Research Article | Open Access
Simultaneous Labyrinthectomy and Cochlear Implantation for Patients with Single-Sided Ménière’s Disease and Profound Sensorineural Hearing Loss
Objective. To investigate the treatment outcome of a simultaneous labyrinthectomy and cochlear implantation in patients with single-sided Ménière’s disease and profound sensorineural hearing loss. Study Design. Prospective study. Method. Five patients with single-sided Ménière’s disease with active vertigo and functional deafness were included. In all cases, simultaneous cochlear implantation combined with labyrinthectomy surgery was performed. The outcome has been evaluated by the Dizziness Handicap Inventory (DHI) and speech recognition. Results. The combined labyrinthectomy and cochlear implantation led in all patients to a highly significant reduction of dizziness up to a restitutio ad integrum. After activation of the cochlear implant and rehabilitation, a mean monosyllabic speech understanding of 69% at 65 dB was observed. Conclusion. For patients with single-sided Ménière’s disease and profound sensorineural hearing loss the simultaneous labyrinthectomy and cochlear implantation are efficient method for the treatment of vertigo as well as the rehabilitation of the auditory system.
Most cases of Ménière’s disease can be successfully treated through conservative approaches to reach a sufficient suppression of vertigo symptoms and to maintain a satisfying quality of life. But patients without adequate control of vertigo and with severe to profound hearing loss present a therapeutical problem. In these cases, a variety of other invasive approaches of vertigo control exist, such as intratympanic steroids, intratympanic gentamicin therapy, endolymphatic sac decompression/saccotomy, labyrinthectomy, and vestibular nerve section. But with increasing effectiveness of vertigo control the treatment also leads to increased loss of function of the inner ear .
If the disease itself has already caused profound sensorineural hearing loss, there is no contraindication for a radical operative labyrinth-intervention. So it is obvious to combine invasive vertigo treatment with implantable hearing systems in patients after previously unsuccessful treatment. Labyrinthectomy has manifested itself as an efficient treatment in controlling attacks of vertigo . For this reason, this study examines the success of simultaneous labyrinthectomy for the therapy of vertigo and cochlear implantation for the rehabilitation of the auditory system. This treatment has been described for the first time in a single patient by Zwolan and coworkers . MacKeith et al.  described patients with bilateral Ménière’s disease. For our opinion for the elimination of the ipsilateral vestibular function by labyrinthectomy, a proper function of the vestibular function of the contralateral side must be provided to exclude the risk of a Dandy syndrome. For this purpose extensive preoperative diagnostic investigation and a long-term evaluation are necessary to minimize the risk of a bilateral vestibulopathy.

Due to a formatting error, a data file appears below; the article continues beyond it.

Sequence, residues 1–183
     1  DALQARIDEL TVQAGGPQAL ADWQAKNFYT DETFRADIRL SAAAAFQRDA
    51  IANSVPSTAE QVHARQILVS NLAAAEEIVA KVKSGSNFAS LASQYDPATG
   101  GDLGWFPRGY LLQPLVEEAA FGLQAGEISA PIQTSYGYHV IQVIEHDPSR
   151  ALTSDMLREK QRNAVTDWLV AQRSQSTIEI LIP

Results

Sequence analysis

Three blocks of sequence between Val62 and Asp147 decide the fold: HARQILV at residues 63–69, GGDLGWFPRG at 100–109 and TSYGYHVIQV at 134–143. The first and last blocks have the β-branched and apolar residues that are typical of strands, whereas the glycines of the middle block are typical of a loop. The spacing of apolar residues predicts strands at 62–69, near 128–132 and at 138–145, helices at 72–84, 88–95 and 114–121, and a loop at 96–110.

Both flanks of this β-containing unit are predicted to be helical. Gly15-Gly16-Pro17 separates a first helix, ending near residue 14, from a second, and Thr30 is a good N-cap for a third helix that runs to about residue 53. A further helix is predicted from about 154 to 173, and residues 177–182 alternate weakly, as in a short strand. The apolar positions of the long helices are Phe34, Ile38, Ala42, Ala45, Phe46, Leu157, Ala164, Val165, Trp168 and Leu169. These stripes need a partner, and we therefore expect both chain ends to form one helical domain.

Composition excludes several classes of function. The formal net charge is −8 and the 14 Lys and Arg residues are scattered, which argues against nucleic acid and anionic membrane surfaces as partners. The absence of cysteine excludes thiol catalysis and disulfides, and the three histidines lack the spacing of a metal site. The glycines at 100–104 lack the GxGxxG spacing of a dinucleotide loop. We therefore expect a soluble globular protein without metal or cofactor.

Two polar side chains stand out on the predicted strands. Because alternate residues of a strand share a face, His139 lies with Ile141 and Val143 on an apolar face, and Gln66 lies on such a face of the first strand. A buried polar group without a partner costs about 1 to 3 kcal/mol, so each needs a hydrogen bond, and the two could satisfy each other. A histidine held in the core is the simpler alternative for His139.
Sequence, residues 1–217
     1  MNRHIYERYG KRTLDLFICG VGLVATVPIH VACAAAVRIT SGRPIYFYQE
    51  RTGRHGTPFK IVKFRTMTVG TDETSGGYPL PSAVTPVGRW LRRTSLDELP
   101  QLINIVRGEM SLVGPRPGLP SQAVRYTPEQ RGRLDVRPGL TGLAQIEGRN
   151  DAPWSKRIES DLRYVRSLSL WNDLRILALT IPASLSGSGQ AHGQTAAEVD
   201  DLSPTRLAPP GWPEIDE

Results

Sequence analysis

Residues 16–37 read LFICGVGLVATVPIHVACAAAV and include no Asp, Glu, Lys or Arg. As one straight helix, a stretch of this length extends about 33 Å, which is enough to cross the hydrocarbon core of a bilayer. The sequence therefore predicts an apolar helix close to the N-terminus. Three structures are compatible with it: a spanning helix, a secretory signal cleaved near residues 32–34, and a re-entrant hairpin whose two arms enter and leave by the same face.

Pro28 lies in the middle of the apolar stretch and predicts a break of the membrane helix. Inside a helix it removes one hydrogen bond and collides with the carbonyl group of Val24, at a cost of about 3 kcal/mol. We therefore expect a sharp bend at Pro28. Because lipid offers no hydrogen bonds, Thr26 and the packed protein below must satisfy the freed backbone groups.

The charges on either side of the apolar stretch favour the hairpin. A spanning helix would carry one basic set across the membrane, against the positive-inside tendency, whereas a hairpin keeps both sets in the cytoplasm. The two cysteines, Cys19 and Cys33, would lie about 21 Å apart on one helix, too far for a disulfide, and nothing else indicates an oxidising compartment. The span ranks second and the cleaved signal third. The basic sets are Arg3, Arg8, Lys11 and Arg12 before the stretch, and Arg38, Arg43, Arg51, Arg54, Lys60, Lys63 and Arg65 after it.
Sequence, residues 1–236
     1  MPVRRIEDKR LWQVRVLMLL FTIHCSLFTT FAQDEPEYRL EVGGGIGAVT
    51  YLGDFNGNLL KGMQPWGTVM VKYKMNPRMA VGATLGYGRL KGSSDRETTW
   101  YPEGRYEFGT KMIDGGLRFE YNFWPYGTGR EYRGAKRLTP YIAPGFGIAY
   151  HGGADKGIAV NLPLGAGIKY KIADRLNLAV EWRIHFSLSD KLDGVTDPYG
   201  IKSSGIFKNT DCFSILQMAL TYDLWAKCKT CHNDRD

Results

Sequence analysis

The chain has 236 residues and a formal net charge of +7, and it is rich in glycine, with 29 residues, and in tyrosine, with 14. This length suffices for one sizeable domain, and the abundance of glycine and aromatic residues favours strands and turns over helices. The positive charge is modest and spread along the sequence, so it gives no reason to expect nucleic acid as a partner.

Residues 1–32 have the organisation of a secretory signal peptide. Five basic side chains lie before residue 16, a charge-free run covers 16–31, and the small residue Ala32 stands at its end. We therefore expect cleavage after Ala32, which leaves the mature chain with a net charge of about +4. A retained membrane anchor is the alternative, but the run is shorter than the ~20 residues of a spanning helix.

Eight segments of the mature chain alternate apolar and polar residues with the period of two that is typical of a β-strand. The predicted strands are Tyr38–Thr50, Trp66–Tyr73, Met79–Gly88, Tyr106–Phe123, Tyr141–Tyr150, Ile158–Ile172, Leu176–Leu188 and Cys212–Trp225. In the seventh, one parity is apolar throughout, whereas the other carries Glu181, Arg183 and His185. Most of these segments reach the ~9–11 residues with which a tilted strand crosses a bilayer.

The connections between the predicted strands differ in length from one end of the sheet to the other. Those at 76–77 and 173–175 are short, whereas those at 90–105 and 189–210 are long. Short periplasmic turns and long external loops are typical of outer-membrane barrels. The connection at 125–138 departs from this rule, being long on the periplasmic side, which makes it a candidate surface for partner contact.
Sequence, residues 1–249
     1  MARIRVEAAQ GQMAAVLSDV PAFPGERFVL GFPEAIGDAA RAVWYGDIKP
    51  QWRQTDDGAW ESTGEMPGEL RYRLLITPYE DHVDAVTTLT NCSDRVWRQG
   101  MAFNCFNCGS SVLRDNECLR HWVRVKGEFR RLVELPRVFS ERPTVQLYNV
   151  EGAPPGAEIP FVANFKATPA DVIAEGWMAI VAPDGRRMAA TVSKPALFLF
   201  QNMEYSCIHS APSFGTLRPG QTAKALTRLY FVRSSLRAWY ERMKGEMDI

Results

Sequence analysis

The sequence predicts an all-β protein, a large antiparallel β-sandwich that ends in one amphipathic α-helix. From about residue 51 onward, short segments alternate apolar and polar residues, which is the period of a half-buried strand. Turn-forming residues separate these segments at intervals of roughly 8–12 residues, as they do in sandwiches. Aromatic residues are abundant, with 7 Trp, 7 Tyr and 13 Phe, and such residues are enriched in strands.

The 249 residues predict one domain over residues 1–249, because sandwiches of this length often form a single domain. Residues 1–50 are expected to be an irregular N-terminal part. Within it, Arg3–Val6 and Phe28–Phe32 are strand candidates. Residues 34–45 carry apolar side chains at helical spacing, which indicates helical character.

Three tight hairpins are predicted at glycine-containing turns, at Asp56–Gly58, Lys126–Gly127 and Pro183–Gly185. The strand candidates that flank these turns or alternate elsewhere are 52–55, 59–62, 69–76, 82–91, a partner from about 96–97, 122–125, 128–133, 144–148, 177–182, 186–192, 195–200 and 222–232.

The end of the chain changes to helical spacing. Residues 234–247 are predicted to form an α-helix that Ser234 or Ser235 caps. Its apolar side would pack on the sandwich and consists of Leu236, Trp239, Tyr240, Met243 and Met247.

2. Materials and Methods
Three female and two male patients were treated for single-sided Ménière’s disease based on the American Association of Head and Neck Surgery criteria. The mean age was 61 years with a range from 46 years to 76 years. Duration of vertigo attacks was between 2 years and 25 years. As the most restrictive symptom the patients reported heavy attacks of vertigo several times a week and up to 20 times a day in the worst case.
All patients were treated using the same surgical technique of simultaneous labyrinthectomy and cochlear implantation between March and September of 2014. Surgery included the removal of the semicircular canals and removal of the otolith organs. The vestibule was filled with a muscle plug followed by bone pate coverage and fibrin glue. Cochlear implantation was performed by a posterior tympanotomy and a round window approach to the cochlea.
For a subjective evaluation, the Dizziness Handicap Inventory (DHI) questionnaire was used for the assessment of the vertigo control preoperatively as well as directly postoperatively, 6–8 weeks and 6 months after surgery. The DHI is a validated and reliable instrument for the estimation of dizziness and is commonly used for the functional outcome-evaluation . The DHI was evolved for the self-perceived degree of impairment as a result of the postoperative symptom dizziness .
In addition the audiologic results of the cochlear implantation were determined by speech recognition by Freiburg numbers and monosyllabic words. Before the treatment of labyrinthectomy, the unilateral inner ear affection of the operated ear was proved by synopsis of all diagnostic instruments (pure tone audiogram, caloric function, cVEMP, and EcochG) in order to minimize the risk of a bilateral vestibulopathy. The study was approved by the IRB (IRB- UKB-HNO-2014/1).
The DHI indicated distinctive functional, physical, and emotional problems in all cases. The mean preoperative deficit was assessed to be serious concerning the physical (DHI 22.4) and emotional (DHI 19.2) impairment as well as moderate concerning the functional impairment (DHI 11.6) (Table 1).